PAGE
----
Los Angeles animal shelters are seeing a record number of furry friends - and euthanasias - as a result of the down economy.

The shelters are so overcrowded that the Department of Animal Services is offering two-for-one cat adoptions to make room for a feline influx.

Rescue groups, taxed to capacity, are desperate to find homes for thousands of unwanted pets.

"We need some recuperation," said Kathy Davis, interim general manager of the department. "We're certainly hoping at some point that the economy will recover and, as a by-product, people will quit turning their animals in.

"There are record high numbers for recent years."

The surge in abandoned pets has continued unabated since May 2008, when soaring job losses and home foreclosures were fueling an increase in surrendered dogs and cats at city shelters.

In the fiscal year ending June 30, the number of dogs and cats turned in to the city's six animal shelters rose 14 percent to 55,742 - the highest in five years, according to city data.

But while pet adoptions increased 24 percent, so have the number of animals killed, with cats bearing the brunt of euthanasias.

"The rescue groups are not only at over-capacity," said Missy Woodward, of Reseda, on the board of Stray Cat Alliance. "Due to the economy, people are opening their doors and letting the animals go because they have nowhere to take them.

"There's a desperate need for people to take in pets and spay and


neuter their own."

Despite a spay/neuter law implemented last fall, the department destroyed nearly 13,000 cats, a 30 percent increase, while unweaned kitten kills rose 41 percent in 12 months.

And while the six city shelters exceed capacity by hundreds of animals, nowhere is the problem more severe than the East Valley shelter in Van Nuys - the epicenter of unwanted pets.

On Tuesday, the shelter harbored 455 animals - about 100 over its capacity.

Last week, it shipped 21 dogs to a shelter in Santa Cruz, with more slated to be transferred next month. In addition, animals are being distributed to other city shelters.

"I'm seeing a lot of people turning in their animals because they've either moved or lost their houses," said Capt. Helen Brakemeier, manager of the shelter. "We've also seen a lot of litters of kittens.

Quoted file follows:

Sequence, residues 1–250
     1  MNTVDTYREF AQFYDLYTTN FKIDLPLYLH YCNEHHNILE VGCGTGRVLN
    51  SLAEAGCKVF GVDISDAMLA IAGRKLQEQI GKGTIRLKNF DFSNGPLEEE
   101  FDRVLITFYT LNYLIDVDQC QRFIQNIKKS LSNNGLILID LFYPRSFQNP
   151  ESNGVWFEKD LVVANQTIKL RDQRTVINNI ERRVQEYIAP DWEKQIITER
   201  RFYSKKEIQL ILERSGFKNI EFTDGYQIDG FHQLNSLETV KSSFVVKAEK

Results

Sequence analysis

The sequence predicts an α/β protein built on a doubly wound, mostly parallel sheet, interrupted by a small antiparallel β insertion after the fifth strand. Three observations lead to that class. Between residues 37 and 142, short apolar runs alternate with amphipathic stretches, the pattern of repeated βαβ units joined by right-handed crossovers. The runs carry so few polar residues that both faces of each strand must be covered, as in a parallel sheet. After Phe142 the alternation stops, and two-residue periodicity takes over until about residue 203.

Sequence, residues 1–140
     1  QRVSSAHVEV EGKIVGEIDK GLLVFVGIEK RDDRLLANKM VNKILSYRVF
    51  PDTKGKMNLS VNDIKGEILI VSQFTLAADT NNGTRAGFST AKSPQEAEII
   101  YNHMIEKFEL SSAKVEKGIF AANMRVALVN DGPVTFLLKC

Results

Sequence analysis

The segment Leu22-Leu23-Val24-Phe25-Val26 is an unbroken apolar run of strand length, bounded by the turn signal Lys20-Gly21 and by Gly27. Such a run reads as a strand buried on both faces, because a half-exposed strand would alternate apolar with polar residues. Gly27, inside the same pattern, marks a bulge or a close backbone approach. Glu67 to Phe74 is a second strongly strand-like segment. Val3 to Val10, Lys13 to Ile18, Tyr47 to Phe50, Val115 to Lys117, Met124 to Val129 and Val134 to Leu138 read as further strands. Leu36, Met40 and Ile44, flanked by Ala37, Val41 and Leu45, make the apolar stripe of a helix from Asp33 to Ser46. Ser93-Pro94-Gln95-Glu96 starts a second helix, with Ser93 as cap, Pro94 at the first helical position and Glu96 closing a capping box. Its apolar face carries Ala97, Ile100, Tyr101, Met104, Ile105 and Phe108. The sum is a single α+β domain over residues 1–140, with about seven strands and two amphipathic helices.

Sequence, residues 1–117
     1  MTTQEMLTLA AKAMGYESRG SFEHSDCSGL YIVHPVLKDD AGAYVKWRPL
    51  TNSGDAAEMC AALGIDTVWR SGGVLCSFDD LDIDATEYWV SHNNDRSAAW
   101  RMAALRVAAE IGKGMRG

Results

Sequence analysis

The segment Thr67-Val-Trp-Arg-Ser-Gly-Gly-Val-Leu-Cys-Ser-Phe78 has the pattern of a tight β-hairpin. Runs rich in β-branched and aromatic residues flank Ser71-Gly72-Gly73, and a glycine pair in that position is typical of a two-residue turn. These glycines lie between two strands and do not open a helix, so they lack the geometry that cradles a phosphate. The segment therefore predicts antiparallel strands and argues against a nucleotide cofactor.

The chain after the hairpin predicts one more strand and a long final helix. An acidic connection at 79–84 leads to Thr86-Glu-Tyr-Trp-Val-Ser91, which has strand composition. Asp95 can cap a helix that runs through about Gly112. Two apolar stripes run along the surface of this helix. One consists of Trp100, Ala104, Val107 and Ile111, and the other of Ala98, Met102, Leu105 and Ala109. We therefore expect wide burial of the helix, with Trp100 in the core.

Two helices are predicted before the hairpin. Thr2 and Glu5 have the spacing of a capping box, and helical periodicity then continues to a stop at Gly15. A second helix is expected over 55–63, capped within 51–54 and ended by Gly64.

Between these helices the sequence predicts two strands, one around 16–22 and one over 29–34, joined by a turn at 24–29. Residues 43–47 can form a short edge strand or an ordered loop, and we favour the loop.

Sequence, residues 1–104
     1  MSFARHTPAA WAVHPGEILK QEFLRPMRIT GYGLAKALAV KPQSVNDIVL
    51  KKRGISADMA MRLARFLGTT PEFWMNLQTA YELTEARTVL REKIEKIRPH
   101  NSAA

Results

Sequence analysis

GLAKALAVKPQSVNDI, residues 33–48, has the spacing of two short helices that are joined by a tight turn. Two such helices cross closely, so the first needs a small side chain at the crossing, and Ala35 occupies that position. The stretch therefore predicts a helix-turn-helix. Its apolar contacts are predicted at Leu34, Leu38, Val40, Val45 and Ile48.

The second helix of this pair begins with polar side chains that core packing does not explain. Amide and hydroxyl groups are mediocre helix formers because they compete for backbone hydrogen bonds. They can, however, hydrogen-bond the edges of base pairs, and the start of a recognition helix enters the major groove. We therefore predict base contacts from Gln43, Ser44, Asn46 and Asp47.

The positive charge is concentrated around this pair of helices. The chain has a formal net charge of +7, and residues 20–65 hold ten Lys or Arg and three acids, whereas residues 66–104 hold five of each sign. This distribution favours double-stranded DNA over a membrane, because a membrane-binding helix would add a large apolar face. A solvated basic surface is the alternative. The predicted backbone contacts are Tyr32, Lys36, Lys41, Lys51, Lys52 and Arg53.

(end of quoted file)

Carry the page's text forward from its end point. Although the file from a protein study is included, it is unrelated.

"It's not just that we're full, but the rescue groups are full. Too many animals, not enough homes."

The increase has incited animal welfare activists, who say the shelters are "red listing" up to 40 cats a day - animals in immediate danger of euthanasia.

Adding to the pressure is a decision made Tuesday by Gov. Arnold Schwarzenegger to halve the mandated adoption time from six days to three, and decrease funds to shelters as part of the 2010 state budget.

"I think it's a sad time for the animals in California," said Judie Mancuso, founder of Social Compassion in Legislation, an animal welfare advocacy group. "It creates a heavy burden to shelters across the state."

Davis said that the minimum holding period for adoptable pets in Los Angeles shelters will not change, despite the governor's action, with the average adoption period of nine to 12 days.

"Our mission is, we're holding animals as long as we have space," she said.

Critics, however, called for a complete rethinking of animal shelter policies in order to achieve the city's stated no-kill goal.

"Our shelters are failing," said Ed Muzika of LA Animal Watch, a Northridge-based blog. "When you kill 4,000 animals more than last year, it's not success.

He said despite more than 40,000 free spay/neuter vouchers passed out by the city last year, cat impounds have increased dramatically. He questioned whether the city's spay-neuter law, which had required owners to fix their pets since October, may be forcing those who can't afford surgeries to surrender pets to city shelters instead.

"In order for no-kill to be realized," said Muzika, "the (department) needs a top-down analysis by the nation's top no-kill experts."

Davis said it may take three to five years to see results from the city's spay/neuter ordinance. Meanwhile, she said gradual improvements are being made.

A nonprofit program to encourage pet owners in South Los Angeles to keep their pets has saved 800 dogs and cats since January, she said.

And the two-for-one-cat "Summer Buddies" program sponsored by the Found Animal Foundation at the East Valley and Harbor shelters is in effect through August.

On Tuesday, children at the Van Nuys shelter cooed over 1 1/2-week old kittens being raised until they're old enough to adopt.

"He looks like a hamster," said one girl. "How cute."

Said Brakemeier: "We're pulling out all the punches to do anything we can to get people in here so we can save these animals' lives."

Los Angeles animal shelters will host a half-off adoption fair, Aug. 19-23. For information, seewww.laanimalservices.com.